Tea: The Drink That Changed The World

Tea is really quite amazing – so amazing that it drove colonialism to absurd extremes.

Fahrenheit 451

Fahrenheit 451

Defend your right to read any book in the world. As Voltaire said “I may disagree or detest what you have to say, but I will defend to the death your right to say it.”

The World That Trade Created

The World That Trade Created

Our geography, our cities, and our lives are defined by us trading stuff with other people. A bit dense, but wonderful if you are an International Affairs nerd.

Unbearable Lightness of Being

Unbearable Lightness of Being

One of those books that makes you think – about nothing in particular – just in general. I’m curious about Prague now.

Our Dumb World

Our Dumb World

Nothing tells the truth as much as lies and satire. And few do it as well as the Onion.

Tipping Point

Tipping Point

There is a cycle that every idea and product must go through – the difference between fame and forgot is the Tipping Point. Must read as always from Malcolm Gladwell (the maven in me for those who have read it).

Asian Godfathers

Asian Godfathers

Southeast Asian economies are controlled and managed by a very few plutocrats. Amazing stories of very powerful, questionable men – and the countries where they rule. Must read for anyone interested in Southeast Asia or International Affairs.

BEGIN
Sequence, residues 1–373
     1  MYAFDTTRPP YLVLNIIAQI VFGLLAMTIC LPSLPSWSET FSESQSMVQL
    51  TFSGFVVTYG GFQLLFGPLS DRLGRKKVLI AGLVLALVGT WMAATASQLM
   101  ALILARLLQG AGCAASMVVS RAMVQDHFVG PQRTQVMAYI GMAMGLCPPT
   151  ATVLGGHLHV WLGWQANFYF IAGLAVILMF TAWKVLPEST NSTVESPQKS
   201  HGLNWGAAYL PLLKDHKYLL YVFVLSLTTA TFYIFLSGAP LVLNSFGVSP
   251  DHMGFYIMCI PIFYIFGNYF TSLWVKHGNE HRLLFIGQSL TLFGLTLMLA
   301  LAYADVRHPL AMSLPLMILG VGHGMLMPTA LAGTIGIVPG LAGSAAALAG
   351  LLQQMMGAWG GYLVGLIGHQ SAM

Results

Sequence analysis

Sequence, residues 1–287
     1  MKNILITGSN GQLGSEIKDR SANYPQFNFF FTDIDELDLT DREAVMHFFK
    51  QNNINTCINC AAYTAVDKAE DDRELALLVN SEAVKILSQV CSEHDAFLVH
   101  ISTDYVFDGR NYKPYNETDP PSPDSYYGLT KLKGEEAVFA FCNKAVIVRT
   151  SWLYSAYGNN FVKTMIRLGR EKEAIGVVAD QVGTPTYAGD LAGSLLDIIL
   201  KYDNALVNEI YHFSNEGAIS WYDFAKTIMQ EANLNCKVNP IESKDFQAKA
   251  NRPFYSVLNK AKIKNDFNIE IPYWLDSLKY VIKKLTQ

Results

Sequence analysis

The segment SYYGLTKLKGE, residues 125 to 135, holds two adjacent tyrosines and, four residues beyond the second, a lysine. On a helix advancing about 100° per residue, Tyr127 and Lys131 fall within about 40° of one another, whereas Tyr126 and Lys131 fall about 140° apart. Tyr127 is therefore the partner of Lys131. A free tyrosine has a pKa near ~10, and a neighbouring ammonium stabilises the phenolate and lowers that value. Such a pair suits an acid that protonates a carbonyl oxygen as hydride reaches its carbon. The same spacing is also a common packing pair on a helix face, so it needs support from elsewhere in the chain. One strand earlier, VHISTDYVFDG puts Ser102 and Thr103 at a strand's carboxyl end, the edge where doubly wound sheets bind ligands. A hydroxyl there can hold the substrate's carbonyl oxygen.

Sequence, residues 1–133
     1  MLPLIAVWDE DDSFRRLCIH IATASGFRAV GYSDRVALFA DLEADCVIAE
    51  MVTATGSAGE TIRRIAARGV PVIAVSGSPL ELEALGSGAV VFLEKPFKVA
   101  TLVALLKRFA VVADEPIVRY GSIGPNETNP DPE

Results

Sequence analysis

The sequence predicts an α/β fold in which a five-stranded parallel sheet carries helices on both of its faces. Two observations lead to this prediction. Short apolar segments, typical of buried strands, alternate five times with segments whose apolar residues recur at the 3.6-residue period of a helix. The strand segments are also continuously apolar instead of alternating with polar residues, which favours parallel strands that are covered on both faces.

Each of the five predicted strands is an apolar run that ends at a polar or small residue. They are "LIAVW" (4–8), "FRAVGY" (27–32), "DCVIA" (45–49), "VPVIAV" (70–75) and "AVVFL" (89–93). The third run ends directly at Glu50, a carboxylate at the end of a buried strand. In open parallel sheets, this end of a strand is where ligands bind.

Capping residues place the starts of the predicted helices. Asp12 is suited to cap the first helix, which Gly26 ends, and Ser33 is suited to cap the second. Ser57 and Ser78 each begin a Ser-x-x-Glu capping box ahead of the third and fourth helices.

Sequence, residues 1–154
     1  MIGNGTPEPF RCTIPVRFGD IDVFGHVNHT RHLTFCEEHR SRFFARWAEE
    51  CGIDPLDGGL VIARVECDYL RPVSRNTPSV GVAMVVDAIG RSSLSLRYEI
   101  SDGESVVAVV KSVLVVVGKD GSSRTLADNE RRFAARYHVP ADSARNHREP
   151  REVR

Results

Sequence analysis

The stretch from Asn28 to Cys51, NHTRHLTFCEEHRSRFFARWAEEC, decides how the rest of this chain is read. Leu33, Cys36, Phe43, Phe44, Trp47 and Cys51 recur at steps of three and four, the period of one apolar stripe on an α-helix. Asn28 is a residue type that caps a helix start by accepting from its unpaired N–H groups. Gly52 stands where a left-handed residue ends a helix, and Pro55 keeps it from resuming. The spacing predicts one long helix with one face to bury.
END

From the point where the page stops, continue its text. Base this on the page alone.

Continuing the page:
Booty Capitalism

Booty Capitalism

Those that control the money control the politics – and this is no more true than in The Philippines.

Mao: The Untold Story

Mao: The Untold Story

Wow. Textbook study on power, manipulation, brilliance, and pure unadulterated evil. Innumerable lessons (good and bad) from a man who ruled over more people than anyone else – ever.

Age of American Unreason

Age of American Unreason

America – for various reasons – has become more exceptional in our bad traits in the past 20 years. She make excellent arguments as to why.

Boomsday

Boomsday

Satire tells truth – and this may be applicable sooner than later. A demographic bulge forces the US to come up with unsettling (and comical) ways to deal with unaffordable old people. Like I said – uncomfortably contemporary.

2007 | 2008 | 2009 | 2010 | 2011 | 2012 | 2013 | 2014 | 2015 | 2016Most Recent Full Reviews

By Nate

I'm Nate Shivar - I live in Atlanta and love exploring the city, outdoors, books & Internet. Read about me, my Now page, or my work.